Many veterans are increasingly resigned to the fact that open-air pitfalls perish soon. “The open scrutiny business took a lot longer to die.” [than people expected], and it’s still not completely dead, but it will be purged to death as e-commerce moves further and further away from volume, ”said John Lothian, who started in the pits before writing an industry newsletter. well read.
After the death of a former pit trader friend in 2011, he began an oral history project to collect memories of open-screen veterans, loosely modeled on the Veterans of Pit History Project. the Library of Congress. “We lose so many of the open traders on a daily basis, and I thought it was important that we capture how the markets have operated for so long during our history,” Lothian said. “It was a face-to-face trade, where you could do business for millions of dollars just by exchanging manual signals.”
The change has been emotionally charged for many merchants who remained attached to the era, and the camaraderie and creativity it generated. Melamed recalls how he was once slammed by some CME brokers like “Darth Vader” for eventually embracing e-commerce, but admits “sadness” to see the final closure of most of its open venues. “The plan was a crucible of ideas,” he said. “That’s what you lose.”
But they lost a battle that began in the early 1980s when they pioneered like that Thomas Peterffy it linked its data feeds to basic computer programs that performed the same functions performed by traders – scanning the market for quotes at the wrong prices. At that point, the men were still running the trades.
Peterffy still remembers his first day in a trading post, New York’s Comex silver options plan in 1967 (the commodity exchange where the climax of Business Locations it was later filmed), which left an indelible mark. “It was serious money, and very exciting,” Peterffy said. “The numbers on a computer can also be exciting, but not as exciting as people shouting at each other.”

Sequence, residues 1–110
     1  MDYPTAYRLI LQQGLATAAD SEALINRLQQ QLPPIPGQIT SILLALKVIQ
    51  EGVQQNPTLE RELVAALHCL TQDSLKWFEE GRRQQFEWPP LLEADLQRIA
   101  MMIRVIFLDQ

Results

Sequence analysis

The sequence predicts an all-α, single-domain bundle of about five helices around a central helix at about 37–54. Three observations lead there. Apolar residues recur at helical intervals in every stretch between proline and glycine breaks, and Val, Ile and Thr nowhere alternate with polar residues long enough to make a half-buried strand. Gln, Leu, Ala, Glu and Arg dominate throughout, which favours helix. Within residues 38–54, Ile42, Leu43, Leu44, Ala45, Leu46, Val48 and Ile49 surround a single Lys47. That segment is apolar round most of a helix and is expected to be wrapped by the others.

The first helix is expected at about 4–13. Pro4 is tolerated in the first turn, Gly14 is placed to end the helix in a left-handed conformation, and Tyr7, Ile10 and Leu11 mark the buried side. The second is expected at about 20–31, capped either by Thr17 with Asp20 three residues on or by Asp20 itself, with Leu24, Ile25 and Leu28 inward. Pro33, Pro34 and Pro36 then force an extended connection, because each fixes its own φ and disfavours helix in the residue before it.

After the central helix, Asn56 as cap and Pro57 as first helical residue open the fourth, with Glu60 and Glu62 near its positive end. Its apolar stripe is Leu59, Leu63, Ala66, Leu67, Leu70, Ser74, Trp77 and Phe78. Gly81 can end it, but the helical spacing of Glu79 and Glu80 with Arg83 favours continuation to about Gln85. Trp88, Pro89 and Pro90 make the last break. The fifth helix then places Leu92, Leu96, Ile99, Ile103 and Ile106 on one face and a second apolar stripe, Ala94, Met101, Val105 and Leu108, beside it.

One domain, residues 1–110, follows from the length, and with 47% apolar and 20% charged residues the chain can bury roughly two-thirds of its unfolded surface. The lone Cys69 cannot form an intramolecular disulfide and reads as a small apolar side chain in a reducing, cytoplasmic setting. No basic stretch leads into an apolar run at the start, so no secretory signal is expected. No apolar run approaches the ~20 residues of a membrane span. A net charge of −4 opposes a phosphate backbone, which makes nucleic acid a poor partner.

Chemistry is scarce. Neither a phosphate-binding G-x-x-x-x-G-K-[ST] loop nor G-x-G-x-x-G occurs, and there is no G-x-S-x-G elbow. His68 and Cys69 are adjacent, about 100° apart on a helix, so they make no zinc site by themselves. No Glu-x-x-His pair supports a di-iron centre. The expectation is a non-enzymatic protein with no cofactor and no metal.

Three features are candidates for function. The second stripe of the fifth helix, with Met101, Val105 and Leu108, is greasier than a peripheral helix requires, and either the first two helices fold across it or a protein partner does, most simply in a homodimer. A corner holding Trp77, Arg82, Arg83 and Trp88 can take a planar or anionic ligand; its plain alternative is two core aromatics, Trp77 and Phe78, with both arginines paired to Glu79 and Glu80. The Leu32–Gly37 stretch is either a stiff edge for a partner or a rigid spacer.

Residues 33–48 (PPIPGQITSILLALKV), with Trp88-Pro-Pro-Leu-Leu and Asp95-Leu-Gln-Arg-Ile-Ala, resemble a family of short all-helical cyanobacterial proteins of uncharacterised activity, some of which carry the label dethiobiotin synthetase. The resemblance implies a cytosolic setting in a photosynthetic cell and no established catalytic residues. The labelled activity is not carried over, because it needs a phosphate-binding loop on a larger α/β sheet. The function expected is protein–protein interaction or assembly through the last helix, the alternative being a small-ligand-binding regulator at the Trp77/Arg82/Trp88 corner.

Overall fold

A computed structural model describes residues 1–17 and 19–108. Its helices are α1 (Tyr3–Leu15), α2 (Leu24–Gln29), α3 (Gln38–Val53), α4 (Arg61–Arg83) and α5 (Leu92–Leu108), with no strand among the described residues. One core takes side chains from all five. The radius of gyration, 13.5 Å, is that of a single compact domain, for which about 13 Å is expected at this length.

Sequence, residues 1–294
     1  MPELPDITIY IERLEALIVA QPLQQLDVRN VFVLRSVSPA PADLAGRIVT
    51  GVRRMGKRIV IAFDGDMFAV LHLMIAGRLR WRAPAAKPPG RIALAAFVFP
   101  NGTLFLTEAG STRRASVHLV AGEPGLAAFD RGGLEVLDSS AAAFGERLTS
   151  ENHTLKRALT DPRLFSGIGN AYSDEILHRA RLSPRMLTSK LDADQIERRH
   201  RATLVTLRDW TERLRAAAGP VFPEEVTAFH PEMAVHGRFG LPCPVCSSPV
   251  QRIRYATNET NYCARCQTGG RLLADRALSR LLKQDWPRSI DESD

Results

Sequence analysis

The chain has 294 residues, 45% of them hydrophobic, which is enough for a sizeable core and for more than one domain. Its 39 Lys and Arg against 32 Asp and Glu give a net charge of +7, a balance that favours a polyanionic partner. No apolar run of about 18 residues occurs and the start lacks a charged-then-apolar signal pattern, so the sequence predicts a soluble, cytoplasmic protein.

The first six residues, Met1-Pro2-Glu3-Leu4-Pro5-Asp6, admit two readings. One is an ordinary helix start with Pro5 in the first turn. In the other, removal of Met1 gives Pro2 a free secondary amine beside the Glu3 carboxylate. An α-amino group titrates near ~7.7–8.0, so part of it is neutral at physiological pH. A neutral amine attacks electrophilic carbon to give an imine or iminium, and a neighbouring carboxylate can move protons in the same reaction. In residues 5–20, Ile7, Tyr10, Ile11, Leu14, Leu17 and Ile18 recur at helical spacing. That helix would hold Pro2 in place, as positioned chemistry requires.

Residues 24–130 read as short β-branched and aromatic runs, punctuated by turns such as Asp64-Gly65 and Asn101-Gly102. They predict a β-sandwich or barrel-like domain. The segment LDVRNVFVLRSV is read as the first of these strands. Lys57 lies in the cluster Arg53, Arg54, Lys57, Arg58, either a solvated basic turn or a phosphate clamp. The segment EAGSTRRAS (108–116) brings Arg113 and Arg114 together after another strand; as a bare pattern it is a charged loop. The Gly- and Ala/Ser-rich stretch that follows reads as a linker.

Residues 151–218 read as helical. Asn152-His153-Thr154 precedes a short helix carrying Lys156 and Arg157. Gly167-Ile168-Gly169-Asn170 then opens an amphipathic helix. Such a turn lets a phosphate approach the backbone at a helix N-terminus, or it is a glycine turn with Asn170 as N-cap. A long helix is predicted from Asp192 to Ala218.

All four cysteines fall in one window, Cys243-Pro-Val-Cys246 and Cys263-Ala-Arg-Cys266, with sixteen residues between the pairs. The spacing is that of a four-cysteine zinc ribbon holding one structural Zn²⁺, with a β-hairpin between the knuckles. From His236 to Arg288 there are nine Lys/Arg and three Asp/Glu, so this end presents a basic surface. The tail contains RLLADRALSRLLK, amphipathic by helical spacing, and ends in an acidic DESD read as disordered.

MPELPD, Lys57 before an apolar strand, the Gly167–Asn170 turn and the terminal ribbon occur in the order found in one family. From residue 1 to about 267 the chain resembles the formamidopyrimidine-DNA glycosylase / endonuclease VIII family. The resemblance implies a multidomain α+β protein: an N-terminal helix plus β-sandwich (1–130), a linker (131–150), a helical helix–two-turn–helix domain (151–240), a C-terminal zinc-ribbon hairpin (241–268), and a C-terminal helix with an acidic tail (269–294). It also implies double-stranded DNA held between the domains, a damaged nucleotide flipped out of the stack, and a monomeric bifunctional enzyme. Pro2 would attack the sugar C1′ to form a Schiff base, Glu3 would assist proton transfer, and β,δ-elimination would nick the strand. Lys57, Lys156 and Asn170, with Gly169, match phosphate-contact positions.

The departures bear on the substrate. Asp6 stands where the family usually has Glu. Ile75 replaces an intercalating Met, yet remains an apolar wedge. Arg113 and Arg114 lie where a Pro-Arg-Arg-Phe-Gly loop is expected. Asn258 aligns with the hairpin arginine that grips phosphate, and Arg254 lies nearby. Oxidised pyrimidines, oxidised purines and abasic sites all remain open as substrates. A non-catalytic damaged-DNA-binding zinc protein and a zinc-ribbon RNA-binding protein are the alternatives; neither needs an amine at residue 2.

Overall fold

He finally saved enough money to buy a seat on the American Stock Exchange in 1977, the younger brother of the NYSE which he started initially as a foreign market on Broad Street in lower Manhattan. But being light-hearted and with a heavy Hungarian accent, other floor traders struggled to hear and understand Peterffy in the voice of the Amex floor, which showed impetus for his efforts to bring the business into the era of computer science.
Like many other veterans of the open screen era, Peterffy is nostalgic, but tempers him with realism. “It was a great experience, but things are changing. It was also exciting to ride a horse and a carriage. ”
The slow decline of the floor trade
“The Battle of the Bund” led to Germany’s Eurex exchange taking the market for futures on the country’s long-term debt from London rival Liffe. Contracts had been exchanged for “open screen” in the UK, but traders preferred the electronic version because it could be more easily exchanged remotely, and moved en masse.
The Intercontinental Exchange, after a small start-up, made waves including the International Petroleum Exchange (IPE) in London, where most of the volume was exchanged on land. Taking up the battle of the Bund, ICE built a modern electronic platform.
ICE has announced the closure of IPE’s pits, transforming energy futures contracts such as Brent crude completely electronic. Weeks later IPE’s biggest rival, the New York Mercantile Exchange (Nymex), unveiled plans for an open pit of protest in London.
Nymex has abandoned its plan to reintroduce flooring trading in oil contracts after arousing little interest from traders.
The Intercontinental Exchange ends 142 years of history since the closure of soft merchandise trading channels in New York when volumes declined, in favor of e-commerce.
After 167 years, CME has closed most of its trading forums in Chicago and New York. Open organization trading had fallen to only 1 percent of the total volume of futures. The decision included Nymex’s open crisis futures, which CME bought into a $ 8.9 billion deal seven years earlier. Only the pits connected to some options remained open.
Coronavirus forced CME and Cboe Global Markets to close their trading plans in Chicago, but they reopened many of them during the summer. Among the precautions, traders had to undergo sanitary checks and carry facial shields in the pit.
The London Metal Exchange has canceled a first proposal to permanently close its open ring after trading was temporarily halted by the pandemic.